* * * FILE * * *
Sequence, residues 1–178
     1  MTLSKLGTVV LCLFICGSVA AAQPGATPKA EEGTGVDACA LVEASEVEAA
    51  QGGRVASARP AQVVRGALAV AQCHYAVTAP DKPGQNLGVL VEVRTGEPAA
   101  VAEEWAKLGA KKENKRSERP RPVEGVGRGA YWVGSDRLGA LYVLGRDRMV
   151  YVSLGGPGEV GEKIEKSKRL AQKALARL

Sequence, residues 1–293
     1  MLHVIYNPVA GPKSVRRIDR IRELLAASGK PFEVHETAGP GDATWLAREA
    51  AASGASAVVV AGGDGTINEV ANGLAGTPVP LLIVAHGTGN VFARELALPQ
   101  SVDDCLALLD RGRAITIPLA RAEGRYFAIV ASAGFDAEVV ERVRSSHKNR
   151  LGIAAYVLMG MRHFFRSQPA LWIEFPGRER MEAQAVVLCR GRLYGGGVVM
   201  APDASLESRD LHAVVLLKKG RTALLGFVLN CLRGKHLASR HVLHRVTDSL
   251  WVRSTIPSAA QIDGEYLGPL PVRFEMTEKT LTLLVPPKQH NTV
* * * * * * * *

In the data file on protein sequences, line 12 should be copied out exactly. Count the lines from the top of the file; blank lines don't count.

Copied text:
   251  WVRSTIPSAA QIDGEYLGPL PVRFEMTEKT LTLLVPPKQH NTV